Six Affordable(ish) Manhattan Neighborhoods to Call Home

You might think that affordable and Manhattan do not fit together in the same sentence, but you can find neighborhoods that rent apartments for $1,000 or less. You do not have to give up living in the thick of it to find a place that costs only 30 percent of your household income. Here’s a little help discovering the hidden gems in what may be the city’s most famous borough, starting with the most expensive of the affordable neighborhoods and ending with the least expensive.

1. East Village

In New York City, people largely determine apartment desirability by crime rate and closeness to subway lines. If you enjoy a short walk each day, rent or buy in the East Village. The majority of the neighborhood, including the well-known Alphabet City, requires a short walk to reach the subway grid. That factor alone dropped the rental prices. The architecture boasts an old New York charm to it. You can step back in time in reference to the structures and the prices. Expect a one bedroom located on First Avenue to cost about $500,000 and to rent for between $2,500 to $3,500. For the cost, you’ll get a real community feel, local shops and cafes and Tompkins Square Park that offers both green space and free concerts. You’ll also have many bars to choose from at night. It can get loud, so buy earplugs if you need to go to sleep early.

2. Chinatown

Forget the movie, the neighborhood Chinatown is not really like that. The terrific restaurant selection really does exist. This centrally located neighborhood offers some of the lowest prices in Manhattan. It also offers a bevy of grocery stores for those who love to cook or enjoy having fresh fruits and vegetables, plus many retail stores. Expect to rent. You won’t find much for sale here. Rent for a studio ranges from $1,400 to $1,600; for a one bedroom ranges from $1,500 to $1,800; for a two bedroom costs about $2,000. One of the most popular neighborhoods, Chinatown stays jammed with residents, tourists, and cars. Do not move here if you own a car and want to drive. It can take up to an hour just to find a parking place.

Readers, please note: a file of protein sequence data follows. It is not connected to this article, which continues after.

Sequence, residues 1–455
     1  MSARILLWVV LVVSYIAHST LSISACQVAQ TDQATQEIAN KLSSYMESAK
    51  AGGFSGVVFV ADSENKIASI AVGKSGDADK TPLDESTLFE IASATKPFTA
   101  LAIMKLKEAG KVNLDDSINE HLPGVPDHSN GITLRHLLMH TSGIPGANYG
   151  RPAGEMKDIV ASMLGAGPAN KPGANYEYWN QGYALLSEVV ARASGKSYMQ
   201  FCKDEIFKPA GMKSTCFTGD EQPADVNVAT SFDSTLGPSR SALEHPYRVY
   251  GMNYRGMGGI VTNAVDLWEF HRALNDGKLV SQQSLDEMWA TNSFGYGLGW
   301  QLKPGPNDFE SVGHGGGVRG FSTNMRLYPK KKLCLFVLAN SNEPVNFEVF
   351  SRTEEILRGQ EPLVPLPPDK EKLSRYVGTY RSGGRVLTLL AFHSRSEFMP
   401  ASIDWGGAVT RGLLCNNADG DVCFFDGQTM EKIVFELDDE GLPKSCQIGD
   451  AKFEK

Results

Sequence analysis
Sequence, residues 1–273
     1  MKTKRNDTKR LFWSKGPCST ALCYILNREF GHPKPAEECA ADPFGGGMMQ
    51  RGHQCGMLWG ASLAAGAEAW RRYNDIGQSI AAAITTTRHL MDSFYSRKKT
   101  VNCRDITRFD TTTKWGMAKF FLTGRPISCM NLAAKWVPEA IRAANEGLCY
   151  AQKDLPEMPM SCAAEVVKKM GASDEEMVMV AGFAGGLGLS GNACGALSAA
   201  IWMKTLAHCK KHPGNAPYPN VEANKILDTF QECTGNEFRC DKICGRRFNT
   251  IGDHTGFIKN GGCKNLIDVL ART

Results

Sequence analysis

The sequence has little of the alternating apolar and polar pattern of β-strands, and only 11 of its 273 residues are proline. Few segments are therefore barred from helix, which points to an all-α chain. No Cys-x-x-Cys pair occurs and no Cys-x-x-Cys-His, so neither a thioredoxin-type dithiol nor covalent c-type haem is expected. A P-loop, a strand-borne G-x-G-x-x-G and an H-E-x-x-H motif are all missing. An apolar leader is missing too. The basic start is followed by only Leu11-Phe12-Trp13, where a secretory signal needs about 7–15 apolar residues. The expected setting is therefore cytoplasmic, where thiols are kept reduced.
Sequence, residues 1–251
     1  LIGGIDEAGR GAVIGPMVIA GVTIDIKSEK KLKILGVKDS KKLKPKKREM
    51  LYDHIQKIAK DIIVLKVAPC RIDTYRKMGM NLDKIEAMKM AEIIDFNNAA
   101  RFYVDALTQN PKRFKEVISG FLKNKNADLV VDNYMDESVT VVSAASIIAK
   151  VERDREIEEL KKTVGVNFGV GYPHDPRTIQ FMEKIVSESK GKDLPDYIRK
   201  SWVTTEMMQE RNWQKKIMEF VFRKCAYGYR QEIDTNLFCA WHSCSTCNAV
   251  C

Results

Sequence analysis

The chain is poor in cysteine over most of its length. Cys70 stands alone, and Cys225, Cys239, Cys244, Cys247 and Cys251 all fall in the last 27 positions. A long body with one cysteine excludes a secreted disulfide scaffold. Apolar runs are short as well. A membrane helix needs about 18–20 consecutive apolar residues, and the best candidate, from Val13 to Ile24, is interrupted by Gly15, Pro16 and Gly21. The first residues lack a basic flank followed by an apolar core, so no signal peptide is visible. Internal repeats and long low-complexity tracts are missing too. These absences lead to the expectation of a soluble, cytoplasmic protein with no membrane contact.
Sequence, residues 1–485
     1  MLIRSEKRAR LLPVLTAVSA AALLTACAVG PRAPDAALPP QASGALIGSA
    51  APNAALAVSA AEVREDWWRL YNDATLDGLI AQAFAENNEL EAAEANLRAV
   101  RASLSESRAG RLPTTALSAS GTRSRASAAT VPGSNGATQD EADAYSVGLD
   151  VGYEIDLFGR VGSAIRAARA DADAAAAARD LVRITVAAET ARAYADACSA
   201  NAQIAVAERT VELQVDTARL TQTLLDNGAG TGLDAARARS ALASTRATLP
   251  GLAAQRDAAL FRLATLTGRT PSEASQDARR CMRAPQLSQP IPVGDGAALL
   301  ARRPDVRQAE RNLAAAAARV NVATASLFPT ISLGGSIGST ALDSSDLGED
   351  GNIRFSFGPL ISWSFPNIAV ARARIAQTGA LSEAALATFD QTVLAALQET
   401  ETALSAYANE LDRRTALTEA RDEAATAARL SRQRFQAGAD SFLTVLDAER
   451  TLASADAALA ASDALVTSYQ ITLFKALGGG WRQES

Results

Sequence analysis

3. Morningside Heights

You can purchase a lovely apartment in Morningside Heights which lies between the Upper West Side and Harlem for about $500,000. For that price, you’ll land a two-bedroom. You can rent a one-bedroom for about $1,800. It offers a “restaurant row” on Amsterdam Avenue that means you’ll have plenty of spots to dine. Many have outdoor seating so you can enjoy the neighborhood as you dine. The neighborhood lies between Morningside Park and Riverside Park near Central Park. Students and professors will find this neighborhood handy to Columbia University and the Manhattan School of Music.

4. Yorkville

Yorkville provides another neighborhood that required a little walking to reach the subway line. That changed though with the completion of the Second Avenue extension. Expect a 15-minute walk to access other lines. It provides tree-lined streets, parking on the street and quiet areas. Expect to pay about $1,800 rent for a one bedroom and $2,000 for a two bedroom apartment. The neighborhood has its own shops, restaurants, and groceries.

5. Washington Heights

People refer to Washington Heights as “the Brooklyn of Manhattan.” You can find spacious 1,400-square-foot apartments for $575,000 if you want to buy. If you rather rent in this bastion of nature that houses Inwood Hill Park and its natural forest, you’ll pay about $1,500 to $1,600 for a one bedroom and $1,900 to $2,200 for a two bedroom. It’s one of the most family-friendly neighborhoods in Manhattan and provides one of the best school districts. Move here if you want to jog with your child in a stroller and make friends with the neighbors. Both the No. 1 and A trains serve Washington Heights.

6. Hudson Heights

Right next door to Washington Heights, you’ll find Hudson Heights, another affordable area. Believe it or not, you can buy a one bedroom for $130,000 to $275,000. Two bedrooms start at $250,000. You’ll find a bit of a price jump when you reach larger homes like the four-bedroom structures in the neighborhood which start at $500,000. If you prefer to rent, expect to pay about $1,000 to $1,500 for a one bedroom, $1,500 to $2,000 for a two bedroom and lofts from $2,400 to $3,000. The A train serves the neighborhood. It offers numerous shops, ethnic restaurants, bodegas but few nightlife options.

Go ahead and move to Manhattan. You can find affordable neighborhoods, especially if you’d like to buy a home or apartment.

Six Affordable(ish) Manhattan Neighborhoods to Call Home

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